Aspen Skiing Co.’s sister company ramps up competition with Vail
Winter Park, Colo.
June Mountain, Calif.
Bear Mountain, Calif.
Snow Summit, Calif.
Squaw Valley, Calif.
Alpine Meadows, Calif.
Deer Valley, Utah
Blue Mountain, Ontario
*Aspen Mountain, Aspen Highlands, Snowmass and Buttermilk are independently owned by the Crowns.
Vail Mountain, Colo.
Beaver Creek, Colo.
Whistler Blackcomb, B.C.
Park City, Utah
Heavenly, Calif., Nev.
Afton Alps, Minn.
Mt. Brighton, Mich.
Countermoves are coming fast and furious in the ski industry by a sister firm of Aspen Skiing Co.
Vail Resorts made the first big moves a few seasons ago with the acquisitions of Stowe, Vermont; Whistler-Blackcomb, B.C.; and Park City, Utah. Now a sister firm of Aspen Skiing Co. is quickly catching up with equally splashy acquisitions.
An affiliate of Henry Crown and Co., which owns Aspen Skiing Co., and KSL Capital Partners announced Monday they reached an agreement to purchase Deer Valley Resort. They anticipate finalizing the deal by the start of ski season for an undisclosed amount.
The proposed deal leaves Skico’s sister company with 13 resorts in its lineup — plus an affiliation with Aspen Mountain, Aspen Highlands, Snowmass and Buttermilk. The joint venture purchased Intrawest Resort Holdings and Mammoth Resorts in earlier transactions. KSL brought Squaw Valley and Alpine Meadows in California into the fold from previous ownership.
The 13 resorts combine for about 22,000 skiable acres of terrain.
David Perry, Skico’s former second-in-command and president and chief operating officer of the new firm, said Deer Valley is a “tremendous addition to our existing portfolio.”
“Prior to this acquisition, we were able to offer our guests exceptional experiences throughout most of North America’s major ski regions, but we did not have a resort in Utah, a state that is renowned for great skiing and mountain-town life,” Perry said in a prepared statement.
Vail Resorts has 14 ski areas in its mix — ranging from gargantuan Whistler-Blackcomb to Midwest feeder Afton Alps. It snatched up ski areas at a dizzying pace earlier this decade and appeared to be an unchallenged heavyweight of the ski industry.
Aspen Skiing Co. President and CEO Mike Kaplan said in a public presentation in 2015 that consolidation was a trend Skico ownership and staff was watching and prepared to act on. His comments foreshadowed the Crowns’ moves.
“The main point is, it’s more competitive than it’s ever been on all sides of our business, and we need to be aware of that, focused on that and treat it with a sense of urgency,” Kaplan said.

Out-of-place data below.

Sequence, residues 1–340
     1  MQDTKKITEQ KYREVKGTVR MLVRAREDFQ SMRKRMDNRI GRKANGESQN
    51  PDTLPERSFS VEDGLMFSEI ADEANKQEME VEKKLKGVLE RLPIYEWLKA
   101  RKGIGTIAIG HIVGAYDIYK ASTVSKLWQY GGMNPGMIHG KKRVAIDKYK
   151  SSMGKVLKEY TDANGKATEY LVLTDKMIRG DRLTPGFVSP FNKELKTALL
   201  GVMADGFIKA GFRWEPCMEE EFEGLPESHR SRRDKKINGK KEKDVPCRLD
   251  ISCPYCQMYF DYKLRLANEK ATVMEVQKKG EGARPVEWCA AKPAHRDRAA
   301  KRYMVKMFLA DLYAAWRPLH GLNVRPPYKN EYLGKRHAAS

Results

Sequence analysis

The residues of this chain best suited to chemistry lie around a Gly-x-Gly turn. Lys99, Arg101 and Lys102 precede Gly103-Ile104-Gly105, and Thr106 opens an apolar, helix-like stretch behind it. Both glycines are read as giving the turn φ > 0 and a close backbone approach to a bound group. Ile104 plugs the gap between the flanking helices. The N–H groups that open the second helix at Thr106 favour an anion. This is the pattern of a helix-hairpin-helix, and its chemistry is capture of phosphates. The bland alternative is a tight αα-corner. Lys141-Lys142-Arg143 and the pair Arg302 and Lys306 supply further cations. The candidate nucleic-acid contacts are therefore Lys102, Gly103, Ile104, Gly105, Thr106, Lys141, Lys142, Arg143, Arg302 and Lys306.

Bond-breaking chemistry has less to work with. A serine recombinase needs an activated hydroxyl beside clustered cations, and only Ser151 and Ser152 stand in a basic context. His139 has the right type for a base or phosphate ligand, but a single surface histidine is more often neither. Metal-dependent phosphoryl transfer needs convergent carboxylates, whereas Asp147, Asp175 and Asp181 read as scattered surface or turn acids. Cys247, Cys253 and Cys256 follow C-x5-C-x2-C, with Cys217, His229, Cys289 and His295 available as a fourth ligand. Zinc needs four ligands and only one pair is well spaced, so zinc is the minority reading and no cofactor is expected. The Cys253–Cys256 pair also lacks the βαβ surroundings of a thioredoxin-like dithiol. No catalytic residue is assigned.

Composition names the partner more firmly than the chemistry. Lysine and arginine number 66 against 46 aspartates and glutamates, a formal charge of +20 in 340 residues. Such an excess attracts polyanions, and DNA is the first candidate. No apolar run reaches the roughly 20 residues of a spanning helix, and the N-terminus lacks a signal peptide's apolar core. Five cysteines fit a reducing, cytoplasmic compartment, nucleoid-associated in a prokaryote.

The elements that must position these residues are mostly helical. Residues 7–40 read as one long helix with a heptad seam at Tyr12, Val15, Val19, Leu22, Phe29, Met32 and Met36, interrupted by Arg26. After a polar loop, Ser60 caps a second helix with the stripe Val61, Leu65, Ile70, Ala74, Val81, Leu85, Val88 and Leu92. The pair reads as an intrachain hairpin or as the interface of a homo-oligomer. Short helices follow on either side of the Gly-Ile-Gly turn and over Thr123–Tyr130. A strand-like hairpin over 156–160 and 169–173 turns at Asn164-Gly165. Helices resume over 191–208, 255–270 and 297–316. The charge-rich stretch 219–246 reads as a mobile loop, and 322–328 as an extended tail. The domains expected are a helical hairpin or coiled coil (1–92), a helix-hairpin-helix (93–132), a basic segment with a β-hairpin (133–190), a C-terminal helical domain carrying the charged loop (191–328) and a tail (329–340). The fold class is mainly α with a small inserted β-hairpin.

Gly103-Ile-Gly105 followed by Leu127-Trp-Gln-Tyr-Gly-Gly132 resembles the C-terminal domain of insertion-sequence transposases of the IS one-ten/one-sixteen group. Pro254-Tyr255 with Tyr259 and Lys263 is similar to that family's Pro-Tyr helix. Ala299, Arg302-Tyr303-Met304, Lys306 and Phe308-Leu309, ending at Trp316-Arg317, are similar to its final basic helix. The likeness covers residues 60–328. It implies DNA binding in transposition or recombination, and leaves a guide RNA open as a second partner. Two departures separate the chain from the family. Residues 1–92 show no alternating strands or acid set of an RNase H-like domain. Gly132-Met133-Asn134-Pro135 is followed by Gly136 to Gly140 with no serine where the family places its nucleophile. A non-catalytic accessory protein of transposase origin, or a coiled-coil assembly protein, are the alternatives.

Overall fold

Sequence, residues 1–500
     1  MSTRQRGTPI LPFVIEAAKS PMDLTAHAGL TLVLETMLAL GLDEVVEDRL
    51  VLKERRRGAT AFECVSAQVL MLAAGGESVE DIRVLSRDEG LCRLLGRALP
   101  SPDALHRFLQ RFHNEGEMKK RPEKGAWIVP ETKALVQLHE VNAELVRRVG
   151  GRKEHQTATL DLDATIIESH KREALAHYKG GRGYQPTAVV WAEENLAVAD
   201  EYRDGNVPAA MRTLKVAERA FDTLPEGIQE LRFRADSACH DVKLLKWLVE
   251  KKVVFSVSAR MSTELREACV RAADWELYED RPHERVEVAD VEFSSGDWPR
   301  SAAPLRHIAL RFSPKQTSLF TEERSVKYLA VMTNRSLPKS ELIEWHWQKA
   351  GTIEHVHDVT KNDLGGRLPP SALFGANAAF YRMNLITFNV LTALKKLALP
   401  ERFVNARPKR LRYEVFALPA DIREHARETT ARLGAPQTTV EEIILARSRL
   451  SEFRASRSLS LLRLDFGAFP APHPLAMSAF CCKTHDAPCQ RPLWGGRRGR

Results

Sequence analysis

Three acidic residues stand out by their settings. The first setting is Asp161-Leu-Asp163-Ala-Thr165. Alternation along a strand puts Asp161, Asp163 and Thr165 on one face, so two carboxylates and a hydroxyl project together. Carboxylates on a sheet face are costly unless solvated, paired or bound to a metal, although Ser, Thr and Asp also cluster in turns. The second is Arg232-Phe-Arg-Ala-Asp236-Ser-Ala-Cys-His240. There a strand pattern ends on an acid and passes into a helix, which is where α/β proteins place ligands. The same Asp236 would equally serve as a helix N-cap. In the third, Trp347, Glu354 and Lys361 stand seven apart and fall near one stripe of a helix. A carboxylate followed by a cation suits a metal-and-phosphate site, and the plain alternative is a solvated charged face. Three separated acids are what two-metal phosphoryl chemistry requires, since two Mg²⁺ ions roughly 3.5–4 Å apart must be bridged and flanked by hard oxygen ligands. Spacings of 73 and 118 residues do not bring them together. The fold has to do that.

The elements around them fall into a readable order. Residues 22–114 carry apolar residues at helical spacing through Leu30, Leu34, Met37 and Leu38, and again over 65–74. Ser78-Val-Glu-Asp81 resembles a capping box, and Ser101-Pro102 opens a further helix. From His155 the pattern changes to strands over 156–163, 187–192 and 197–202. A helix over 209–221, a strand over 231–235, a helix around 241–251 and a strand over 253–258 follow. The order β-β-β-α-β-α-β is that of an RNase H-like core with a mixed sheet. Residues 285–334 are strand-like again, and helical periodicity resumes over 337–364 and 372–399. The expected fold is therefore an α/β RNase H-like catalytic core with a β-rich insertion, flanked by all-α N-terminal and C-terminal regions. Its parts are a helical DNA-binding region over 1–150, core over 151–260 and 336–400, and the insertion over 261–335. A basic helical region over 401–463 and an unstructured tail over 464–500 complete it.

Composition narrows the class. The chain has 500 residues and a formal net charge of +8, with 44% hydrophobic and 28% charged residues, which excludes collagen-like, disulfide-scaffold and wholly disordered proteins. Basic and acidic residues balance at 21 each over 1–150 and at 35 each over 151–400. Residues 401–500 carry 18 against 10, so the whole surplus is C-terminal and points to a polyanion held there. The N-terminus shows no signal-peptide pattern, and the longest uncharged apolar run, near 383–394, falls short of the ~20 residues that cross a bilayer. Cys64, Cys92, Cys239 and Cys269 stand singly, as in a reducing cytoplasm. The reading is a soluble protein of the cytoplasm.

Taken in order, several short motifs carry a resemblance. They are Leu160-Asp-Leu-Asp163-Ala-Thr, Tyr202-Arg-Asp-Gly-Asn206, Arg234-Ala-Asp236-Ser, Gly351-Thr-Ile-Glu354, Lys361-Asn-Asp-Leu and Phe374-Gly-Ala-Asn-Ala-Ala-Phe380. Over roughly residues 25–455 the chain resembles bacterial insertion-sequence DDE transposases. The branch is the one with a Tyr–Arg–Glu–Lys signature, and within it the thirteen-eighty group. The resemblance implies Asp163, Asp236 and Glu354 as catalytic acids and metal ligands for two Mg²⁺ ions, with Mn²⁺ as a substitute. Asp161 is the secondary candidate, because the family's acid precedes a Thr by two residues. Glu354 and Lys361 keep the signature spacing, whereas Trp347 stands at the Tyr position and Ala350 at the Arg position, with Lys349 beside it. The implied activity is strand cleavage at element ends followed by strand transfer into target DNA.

Skico’s sister company, which remains unnamed, has its bases covered in Colorado — with Steamboat and Winter Park — and in California, where it owns six resorts, including Mammoth, Squaw Valley and Alpine Meadows.
What it lacked until now was a foothold in Utah, one of the top states in the country for skier visits. The 14 ski areas in Utah logged their best season ever in 2016-17 with 4.58 million skier and snowboarder visits.
Deer Valley has a reputation for setting the bar for customer service and luxury in the ski industry. It limits the number of skiers on the hill at busy times. It offers ski valets and free parking.
It’s also among the handful of resorts in the country that doesn’t allow snowboard riding on its slopes.
“There are no plans to allow snowboarding at this time,” said an FAQ posted on the Deer Valley Resort website Monday.
Vail Resorts already had a major presence in Utah with its acquisition of Park City in September 2014. It combined the resort with the Canyons, another of its holdings.
An FAQ posted on the Deer Valley resort blog asked why KSL Capital Partners and Henry Crown and Co. are interested in Deer Valley.
“This transaction allows the new company to reach skiers and vacationers that desire to ski and travel to Utah, one of the premier ski destinations in North America,” the company answered. “This acquisition will benefit the skiing public by providing Utah skiers an option in their state and destination options within a larger portfolio of resorts; it also provides guests at the other 12 resorts another destination with premier skiing.”
The blog also states that while Aspen Skiing Co. will remain independent, “We will explore opportunities to work together when and where it is appropriate.”
One of those areas of cooperation could be a joint ski pass. The FAQ provided by the ski conglomerate on Deer Valley’s blog asks, “Will Aspen Snowmass be involved in a joint pass in the future?” The answer was, “This is open to discussion and consideration in the future.”
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